The transitions and communication from interior to exterior spaces are seamless and well-thought-out with functional ergonomics. 

Read More

Destinations

  • Prev
Following the War of 1812, a battle that Canada narrowly won against the United States, the ...
You’ve weathered COVID and you’re ready to book your charter to paradise. You’ve done some ...
If you are looking for an interesting destination for a weekend trip or longer, Quebec City will ...
A holiday often is defined by the experiences we make in unique and beautiful settings. But what ...
St Vincent and the Grenadines is open to tourists and Horizon Yacht Charters are looking forward to ...
We bobbed in the brisk winds while rounding the breakwater into Victoria Harbour, then lowered sail ...
Over the course of four days in September 1864, representatives from Prince Edward Island, Nova ...
The new owners of L’Orignal Marina offer boaters a new destination. Located in a charming ...
Commemorating 100 (+1) years of through-navigation on the Trent-Severn Waterway National Historic ...
On Friday, April 2 at 7 pm ET on TVO and streaming anytime after that on tvo.org and the TVO ...

The Ottawa Flight LocksFollowing the War of 1812, a battle that Canada narrowly won against the United States, the boundaries of Upper Canada were held and the British army realized that the St. Lawrence River was no longer safe as a supply route. A more defensible route was needed to bring supplies from Montreal to Kingston and on into other Great Lakes settlements.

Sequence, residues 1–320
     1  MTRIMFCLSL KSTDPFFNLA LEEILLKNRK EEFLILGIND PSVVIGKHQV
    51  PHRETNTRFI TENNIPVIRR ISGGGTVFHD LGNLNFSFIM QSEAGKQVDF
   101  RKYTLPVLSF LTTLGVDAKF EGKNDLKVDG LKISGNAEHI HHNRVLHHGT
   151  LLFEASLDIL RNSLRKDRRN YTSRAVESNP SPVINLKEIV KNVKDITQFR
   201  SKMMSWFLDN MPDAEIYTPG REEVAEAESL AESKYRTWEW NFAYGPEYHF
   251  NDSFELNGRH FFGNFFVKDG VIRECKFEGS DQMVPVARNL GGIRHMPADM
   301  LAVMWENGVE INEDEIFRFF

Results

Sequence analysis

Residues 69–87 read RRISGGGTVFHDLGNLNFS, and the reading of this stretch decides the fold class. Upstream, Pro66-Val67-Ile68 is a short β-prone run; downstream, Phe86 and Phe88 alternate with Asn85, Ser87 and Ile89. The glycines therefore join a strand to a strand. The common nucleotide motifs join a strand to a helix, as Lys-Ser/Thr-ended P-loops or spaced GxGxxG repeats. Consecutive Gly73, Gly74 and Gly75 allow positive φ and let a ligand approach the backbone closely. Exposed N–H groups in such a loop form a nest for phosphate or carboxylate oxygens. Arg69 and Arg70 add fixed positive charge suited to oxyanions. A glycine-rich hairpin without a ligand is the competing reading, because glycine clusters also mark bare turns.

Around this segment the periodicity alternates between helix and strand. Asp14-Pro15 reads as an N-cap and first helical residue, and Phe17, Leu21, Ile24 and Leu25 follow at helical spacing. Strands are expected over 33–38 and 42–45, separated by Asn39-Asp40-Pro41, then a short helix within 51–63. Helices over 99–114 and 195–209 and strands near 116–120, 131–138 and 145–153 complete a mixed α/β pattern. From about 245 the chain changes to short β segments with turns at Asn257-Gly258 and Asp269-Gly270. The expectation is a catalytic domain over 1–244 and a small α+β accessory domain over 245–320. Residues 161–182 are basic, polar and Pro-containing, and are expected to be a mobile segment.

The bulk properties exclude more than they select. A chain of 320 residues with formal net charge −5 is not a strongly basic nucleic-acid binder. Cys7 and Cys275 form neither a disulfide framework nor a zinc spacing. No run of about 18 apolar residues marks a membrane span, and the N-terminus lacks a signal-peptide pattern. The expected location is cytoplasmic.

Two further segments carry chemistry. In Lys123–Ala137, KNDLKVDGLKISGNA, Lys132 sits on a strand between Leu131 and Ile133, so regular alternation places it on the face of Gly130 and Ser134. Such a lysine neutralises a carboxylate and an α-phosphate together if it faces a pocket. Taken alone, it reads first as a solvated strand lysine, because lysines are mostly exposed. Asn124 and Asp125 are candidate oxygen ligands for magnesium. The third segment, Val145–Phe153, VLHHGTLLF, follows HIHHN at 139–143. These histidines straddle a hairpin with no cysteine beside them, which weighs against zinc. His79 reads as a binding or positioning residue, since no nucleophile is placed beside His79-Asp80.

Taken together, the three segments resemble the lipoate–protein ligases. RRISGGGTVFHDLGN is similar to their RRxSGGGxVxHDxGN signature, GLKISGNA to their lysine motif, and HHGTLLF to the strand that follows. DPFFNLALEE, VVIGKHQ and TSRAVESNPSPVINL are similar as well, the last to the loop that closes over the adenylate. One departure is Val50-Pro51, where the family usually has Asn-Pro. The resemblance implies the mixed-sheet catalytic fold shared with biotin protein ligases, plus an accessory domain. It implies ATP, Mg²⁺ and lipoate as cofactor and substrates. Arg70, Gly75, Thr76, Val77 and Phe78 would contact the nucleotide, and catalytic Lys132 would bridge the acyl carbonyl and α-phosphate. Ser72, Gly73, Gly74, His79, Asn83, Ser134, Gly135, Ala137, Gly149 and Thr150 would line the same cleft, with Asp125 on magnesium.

This new, more secure route revealed itself through the travel and trade of the Indigenous peoples. Surveyors learned that one of the Indigenous trade routes began at the mouth of the Cataraqui River in Kingston (Canada’s first national capital) and connected a series of lakes and rivers all the way through to where the Rideau River meets the Ottawa River in the heart of Bytown (known today as Canada’s national capital: the City of Ottawa). 

Read More

Lifestyle

  • Prev
Thanks to Louise from Gyles Sails and Marine for catching us up on this weekend’s massive parts ...
The marine industry provides exciting opportunities for Canadians. Every month CYOB will introduce ...
There are two POTWs this time. The reason? Guilt. We are picking up the first one from the internet ...
So, I’m at Mobility Cup in Nepean, across the river from Ottawa. I’ve participated in Mobility Cup ...
Emirates Team New Zealand, who introduced foiling to America’s Cup competition in 2012, is ...
Our own Ask Andrew ‘floated his Fanny down the Ganny’ in the annual boat race held on Ganaraska ...
While there’s all kinds of discussion, particularly in NZ, about the plan to defend the 37th ...
How a young woman who was encouraged by her father to enter a contest, became a member of the ...
We got this beauty from Don Snell of the Sea Spray Class in Alberta who proudly reminds us “the ...